Like the majority of Americans, you most likely have some sort of social media account and it’s a good bet that you check it, post to it, or upload content to it on a regular basis. Although this is perfectly normal in today’s society, before you post one more thing, you should be aware of who’s watching.

With the popularity of social media in today’s society, it’s no surprise that companies use these outlets to push their products on you, tapping into your likes and dislikes to recommend goods and services. However, some companies take it a step further and use your public information against you. Insurance companies are a good example.

Many insurance companies monitor popular sites that may contain posts negating an applicant’s claim. If the adjuster discovers any reasonable evidence that suggests the claim was falsified or that gives him an argument to suggest fraud, he can then deny the claim.

So what can you do to protect yourself and your claim?

Silence is Golden: Keeping Your Accident Off the Grid Can Help Increase Your Settlement

Obviously, posting a photo of you running a marathon while awaiting an injury settlement is a bad idea, but you also need to be aware that “throwback” posts (you ran the marathon last year) and other people tagging you in their photos can make adjusters suspicious.

This is why it is best to not risk it. An overzealous insurance adjuster is looking for anything he can use against you. If you’re a victim of a car accident, try to refrain from posting, tweeting, or uploading the following information:

  • Photos of the crash. Although you if you’re able, you should definitely take photos for your lawyer, do not post them on online until after the claim has been settled. A shadow, smudge, or discoloration could lead the adjuster to question the damage.
  • Details of the accident. If every single detail isn’t exactly how you reported it in your claim, an adjuster may grow suspicious.
  • Predicted settlement amounts. Letting an adjuster know how much you hope to get could change how much you actually get, and not for the better.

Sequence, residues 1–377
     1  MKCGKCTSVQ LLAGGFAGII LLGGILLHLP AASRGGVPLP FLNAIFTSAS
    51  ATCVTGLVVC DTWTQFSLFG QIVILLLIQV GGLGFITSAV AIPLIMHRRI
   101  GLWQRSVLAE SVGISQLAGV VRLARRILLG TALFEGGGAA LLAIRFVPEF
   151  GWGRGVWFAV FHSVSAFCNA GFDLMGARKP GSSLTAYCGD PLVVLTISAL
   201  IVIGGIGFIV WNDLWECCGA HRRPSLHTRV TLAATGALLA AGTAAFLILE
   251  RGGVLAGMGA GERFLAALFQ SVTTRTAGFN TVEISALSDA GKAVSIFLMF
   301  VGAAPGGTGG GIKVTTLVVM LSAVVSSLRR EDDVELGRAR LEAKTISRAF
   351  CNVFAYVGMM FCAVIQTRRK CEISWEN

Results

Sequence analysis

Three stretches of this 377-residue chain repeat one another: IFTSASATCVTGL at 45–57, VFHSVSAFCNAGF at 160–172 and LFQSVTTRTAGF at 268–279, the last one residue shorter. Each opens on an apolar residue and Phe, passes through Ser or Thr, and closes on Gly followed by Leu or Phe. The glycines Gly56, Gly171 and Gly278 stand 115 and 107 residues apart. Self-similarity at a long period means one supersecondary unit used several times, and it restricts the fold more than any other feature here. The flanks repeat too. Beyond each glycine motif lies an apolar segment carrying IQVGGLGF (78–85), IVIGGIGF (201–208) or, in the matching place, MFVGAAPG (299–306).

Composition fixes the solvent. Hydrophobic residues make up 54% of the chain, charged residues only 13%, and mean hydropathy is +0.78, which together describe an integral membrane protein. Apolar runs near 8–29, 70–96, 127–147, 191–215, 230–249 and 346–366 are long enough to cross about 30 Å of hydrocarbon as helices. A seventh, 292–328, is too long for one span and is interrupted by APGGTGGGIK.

• Discussions of injuries. By discussing your injuries, you could let something slip that wasn’t part of your claim or say something that makes the adjuster and your lawyer question the severity of the injury.
  • Locations. Posting your location can allow an adjuster to assume you’re participating in activities that you may not be, compromising the validity of your claim.

To cover your bases, keep the accident out of your profiles, pages, and accounts until your claim has been settled. For extra security, make all of your accounts private, so there is no risk of misinterpretation.

Help, Support, and a Watchful Eye

If you’ve recently been injured in a car accident and need help pursuing your claim, contact us today. Our knowledge and eagerness to see justice prevail will ensure that you follow all the rules, properly file your claim, and aren’t surprised by insurance gambits. We’ll make sure you’re properly prepared and know exactly what to do and what not to do to make sure your claim has the best chance for approval. Call today for a free consultation and review of your case.

Still itching to post something? Instead of posting about your accident, share this article with your followers, then browse our sites on Facebook and Google+ to get more helpful information and advice.